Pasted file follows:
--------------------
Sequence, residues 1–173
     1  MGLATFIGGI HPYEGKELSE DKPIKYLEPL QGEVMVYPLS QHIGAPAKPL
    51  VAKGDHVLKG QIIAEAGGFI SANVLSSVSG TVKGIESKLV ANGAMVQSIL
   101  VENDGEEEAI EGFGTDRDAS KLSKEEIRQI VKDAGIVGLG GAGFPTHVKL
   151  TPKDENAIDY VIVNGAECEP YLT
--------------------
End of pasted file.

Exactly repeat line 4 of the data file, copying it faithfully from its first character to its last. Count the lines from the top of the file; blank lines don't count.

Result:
   101  VENDGEEEAI EGFGTDRDAS KLSKEEIRQI VKDAGIVGLG GAGFPTHVKL